Morya (Theosophy)

For other uses, see Morya.

Morya is one of the "Masters of the Ancient Wisdom" within modern Theosophical beliefs. He is one of the Mahatmas who inspired the founding of the Theosophical Society and was engaged in a correspondence with two English Theosophists living in India, A. P. Sinnett and A. O. Hume. The correspondence was published in 1923 by A. Trevor Barker, in the book The Mahatma Letters to A. P. Sinnett.


A portrait of Master Morya

H. P. Blavatsky originally described the existence of a spiritual master whom she considered her guru, and who went by, among other names, Morya. Blavatsky said that Morya and another master, Koot Hoomi, were her primary guides in establishing the Theosophical Society. Blavatsky also wrote that Masters Morya and Koot Hoomi belonged to a group of highly developed humans known to some as the Great White Brotherhood (though this is not how they described themselves). Although Master Morya's personality has been depicted in some detail by various theosophical authors, critics point out that there is little evidence that Blavatsky's Masters, including Morya, ever existed.[1] Author K. Paul Johnson wrote that Blavatsky gave conflicting versions of her meeting with Morya and suggests Blavatsky fictionalized the story, basing it on her encounter with an Italian political activist.[2][3] Author Paul Zweig writing in the New York Times characterized Blavatsky's claims as fraudulent, saying they were invented "out of whole cloth." Many scholarly reviewers of these books, on the other hand, claim that these and similar books attacking Blavatsky and her claims about the existence of such masters are based on poor quality research, specious arguments, and poorly supported speculation. So, from a scholarly point of view, the existence of such masters is considered by many to still be controversial. From a physical angle, all we have at this time are the personal testimony of a number of individuals, both within and beyond the Theosophical Society, who claim to have physically encountered Morya masters like him.

After Blavatsky's death, theosophists and others continued claiming to have met Morya or to have received communications from him. William Quan Judge, the leader of the American Section of the Theosophical Society, stated privately that he had received letters from Morya and other Adepts. Annie Besant, head of the European Section and co-head of the Esoteric Section with Judge, made public statements supporting the genuineness of those letters; but she later accused Judge of falsifying them, asserting that her suspicions of him were confirmed by the visitation of a Mahatma, presumably Master Morya, to whom she was linked.[4] The ensuing controversy led to the break-up of the Society in 1895, but leaders in the increasingly fragmented movement continued making claims about having received communications and visitations from the Masters connected with the cause. Theosophical writings offered vivid descriptions of Morya, his role in the Brotherhood, and his past lives.[5]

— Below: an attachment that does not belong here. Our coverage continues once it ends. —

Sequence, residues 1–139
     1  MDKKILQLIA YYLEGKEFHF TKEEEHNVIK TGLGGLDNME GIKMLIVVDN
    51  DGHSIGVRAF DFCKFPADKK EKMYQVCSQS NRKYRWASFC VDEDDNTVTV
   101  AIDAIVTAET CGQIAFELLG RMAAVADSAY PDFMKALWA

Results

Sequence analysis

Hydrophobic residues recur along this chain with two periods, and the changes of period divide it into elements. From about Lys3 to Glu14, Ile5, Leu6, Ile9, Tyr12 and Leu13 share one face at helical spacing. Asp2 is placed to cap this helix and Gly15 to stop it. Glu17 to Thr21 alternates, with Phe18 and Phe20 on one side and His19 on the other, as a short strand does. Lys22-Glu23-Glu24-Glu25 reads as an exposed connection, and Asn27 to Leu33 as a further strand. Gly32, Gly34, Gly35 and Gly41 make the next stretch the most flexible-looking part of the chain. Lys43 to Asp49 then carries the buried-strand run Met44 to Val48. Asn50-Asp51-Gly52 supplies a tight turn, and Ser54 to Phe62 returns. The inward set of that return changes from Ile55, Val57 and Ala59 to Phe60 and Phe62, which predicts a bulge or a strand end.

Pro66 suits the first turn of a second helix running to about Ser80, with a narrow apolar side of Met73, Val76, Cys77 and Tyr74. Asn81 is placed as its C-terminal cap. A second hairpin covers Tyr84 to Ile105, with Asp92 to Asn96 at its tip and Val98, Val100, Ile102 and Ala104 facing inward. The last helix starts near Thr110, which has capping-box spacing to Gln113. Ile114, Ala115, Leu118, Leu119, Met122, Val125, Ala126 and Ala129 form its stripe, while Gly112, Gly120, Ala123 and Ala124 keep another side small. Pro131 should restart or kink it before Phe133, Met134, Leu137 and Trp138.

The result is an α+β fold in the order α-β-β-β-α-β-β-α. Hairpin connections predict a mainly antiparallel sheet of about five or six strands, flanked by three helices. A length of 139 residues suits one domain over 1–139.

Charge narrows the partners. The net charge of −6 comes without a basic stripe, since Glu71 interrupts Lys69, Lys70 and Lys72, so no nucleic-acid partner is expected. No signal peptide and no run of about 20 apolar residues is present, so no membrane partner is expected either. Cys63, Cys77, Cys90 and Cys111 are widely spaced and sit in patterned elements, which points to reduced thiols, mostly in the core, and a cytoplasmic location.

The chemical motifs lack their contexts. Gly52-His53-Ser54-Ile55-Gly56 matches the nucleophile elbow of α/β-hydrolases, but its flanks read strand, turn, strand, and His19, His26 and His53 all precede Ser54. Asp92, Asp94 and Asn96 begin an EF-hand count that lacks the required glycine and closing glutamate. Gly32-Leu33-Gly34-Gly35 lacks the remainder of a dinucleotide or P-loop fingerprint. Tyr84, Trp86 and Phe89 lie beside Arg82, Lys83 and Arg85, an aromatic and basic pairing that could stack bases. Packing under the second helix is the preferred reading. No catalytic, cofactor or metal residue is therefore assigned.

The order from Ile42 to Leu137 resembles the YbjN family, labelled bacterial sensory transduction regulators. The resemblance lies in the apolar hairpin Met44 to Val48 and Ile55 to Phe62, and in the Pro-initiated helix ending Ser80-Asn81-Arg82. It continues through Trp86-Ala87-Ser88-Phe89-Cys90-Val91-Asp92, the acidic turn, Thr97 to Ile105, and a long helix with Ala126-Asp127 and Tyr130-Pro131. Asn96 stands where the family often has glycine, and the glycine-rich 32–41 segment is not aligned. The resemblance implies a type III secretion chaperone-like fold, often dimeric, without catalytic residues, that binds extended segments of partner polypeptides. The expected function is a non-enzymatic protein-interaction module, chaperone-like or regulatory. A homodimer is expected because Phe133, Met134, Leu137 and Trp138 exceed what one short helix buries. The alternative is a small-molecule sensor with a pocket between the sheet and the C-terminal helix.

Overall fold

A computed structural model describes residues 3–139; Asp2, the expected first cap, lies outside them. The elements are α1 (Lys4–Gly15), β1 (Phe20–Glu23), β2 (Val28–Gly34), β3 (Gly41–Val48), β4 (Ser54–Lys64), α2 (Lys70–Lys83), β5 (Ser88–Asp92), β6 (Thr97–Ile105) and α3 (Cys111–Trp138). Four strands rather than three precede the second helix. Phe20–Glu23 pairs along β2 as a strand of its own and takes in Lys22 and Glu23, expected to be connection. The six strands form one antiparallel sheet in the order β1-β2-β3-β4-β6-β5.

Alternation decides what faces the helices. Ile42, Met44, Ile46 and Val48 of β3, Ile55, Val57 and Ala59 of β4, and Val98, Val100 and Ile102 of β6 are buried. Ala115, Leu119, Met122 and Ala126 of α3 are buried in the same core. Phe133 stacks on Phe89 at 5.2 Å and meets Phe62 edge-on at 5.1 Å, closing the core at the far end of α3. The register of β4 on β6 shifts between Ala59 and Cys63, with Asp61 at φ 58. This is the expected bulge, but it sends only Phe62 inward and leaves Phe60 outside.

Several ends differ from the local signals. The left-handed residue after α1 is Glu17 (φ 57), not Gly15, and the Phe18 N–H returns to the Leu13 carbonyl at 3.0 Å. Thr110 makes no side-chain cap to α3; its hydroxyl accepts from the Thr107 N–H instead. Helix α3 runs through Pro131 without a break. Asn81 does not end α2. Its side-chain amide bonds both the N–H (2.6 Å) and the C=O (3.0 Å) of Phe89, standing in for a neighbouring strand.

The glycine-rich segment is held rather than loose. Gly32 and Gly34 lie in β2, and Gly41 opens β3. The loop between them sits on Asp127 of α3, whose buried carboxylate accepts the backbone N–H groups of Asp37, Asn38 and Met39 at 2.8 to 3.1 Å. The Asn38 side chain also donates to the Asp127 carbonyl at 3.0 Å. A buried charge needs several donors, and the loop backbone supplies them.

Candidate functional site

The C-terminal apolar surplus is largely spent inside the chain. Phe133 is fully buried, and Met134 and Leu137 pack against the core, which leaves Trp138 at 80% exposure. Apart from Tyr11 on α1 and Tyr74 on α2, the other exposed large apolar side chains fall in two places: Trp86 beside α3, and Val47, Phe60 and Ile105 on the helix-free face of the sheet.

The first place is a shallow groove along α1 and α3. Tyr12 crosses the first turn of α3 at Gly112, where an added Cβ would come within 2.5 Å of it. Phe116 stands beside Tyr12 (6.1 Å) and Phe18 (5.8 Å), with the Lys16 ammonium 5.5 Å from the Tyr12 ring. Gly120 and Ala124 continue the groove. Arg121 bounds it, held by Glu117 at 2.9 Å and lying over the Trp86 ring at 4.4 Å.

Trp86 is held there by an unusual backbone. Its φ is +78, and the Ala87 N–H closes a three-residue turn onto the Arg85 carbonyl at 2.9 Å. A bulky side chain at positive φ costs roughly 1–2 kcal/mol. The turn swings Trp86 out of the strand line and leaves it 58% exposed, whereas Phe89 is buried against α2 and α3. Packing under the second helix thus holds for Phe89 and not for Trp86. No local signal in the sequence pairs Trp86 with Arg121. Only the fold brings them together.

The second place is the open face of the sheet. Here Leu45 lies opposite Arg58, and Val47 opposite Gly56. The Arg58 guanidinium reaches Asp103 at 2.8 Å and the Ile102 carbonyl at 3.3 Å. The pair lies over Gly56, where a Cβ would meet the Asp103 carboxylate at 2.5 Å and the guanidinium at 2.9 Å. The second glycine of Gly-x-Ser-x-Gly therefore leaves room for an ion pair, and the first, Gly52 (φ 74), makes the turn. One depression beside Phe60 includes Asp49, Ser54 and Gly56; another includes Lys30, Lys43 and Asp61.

Morya's earliest notable claimed incarnation is recorded by Annie Besant and C.W. Leadbeater (from, the source states, their research into the "akashic records" at the Theosophical Society headquarters in Adyar (Tamil Nadu), India conducted in the summer of 1910) as having been the Emperor of Atlantis in 220,000 BC, ruling from his palace in the capital city, the City of the Golden Gates.[6]

According to the Ascended Masters teachings, some of the later incarnations that Morya is said to have had include:[7][8]


Students of Ascended Master Activities believe that Morya ascended in 1898, becoming an Ascended Master and Chohan of the First Ray, and that his spiritual retreat is located at Darjeeling, India.[9][10][11]


  1. Philip Jenkins, Mystics and Messiahs, p.41-42. Oxford University Press, 2000, NYC
  2. K. Paul Johnson, The Masters Revealed: Madame Blavatsky and the Myth of the Great White Lodge (Albany: SUNY, 1994), 41.
  3. Johnson, Paul K. Initiates of Theosophical Masters Albany, New York:1995 State University of New York Press
  4. Annie Besant, The Case Against W. Q. Judge (1895), p. 13. About Besant’s closeness to Morya, in a letter of 27 March 1891 to Judge, Blavatsky writes: “She is not psychic nor spiritual in the least—all intellect—and yet she hears the Master's voice when alone, sees His Light, and recognises His Voice from that of D____.”
  5. Letters of the Masters of the Wisdom: Second Series Nos. 69 and 70; First Series No. 19; Wachtmeister, op. cit., Chapter 5.
  6. Besant, Annie and Leadbeater, C.W. Man: How, Whence, and Whither? Adyar, India:1913 Theosophical Publishing House Page 122 Note: On page xii of the introduction it is explained that the name Mars is used to refer to the reincarnating soul entity now known to Theosophists as Morya in his various incarnations.
  7. Prophet, Mark L. and Elizabeth Clare Lords of the Seven Rays Livingston, Montana, U.S.A.:1986 - Summit University Press - "Morya - Master of the First Ray" pages 21 - 78
  8. Prophet, Elizabeth Clare and Prophet, Mark (as compiled by Annice Booth) The Masters and Their Retreats Corwin Springs, Montana:2003 Summit University Press Pages 87-92 El Morya
  9. Luk, A.D.K.. Law of Life - Book II. Pueblo, Colorado: A.D.K. Luk Publications 1989.
  10. Schroeder, Werner Ascended Masters and Their Retreats Ascended Master Teaching Foundation 2004.
  11. Booth, Annice The Masters and Their Retreats Summit Lighthouse Library June 2003.


Further reading

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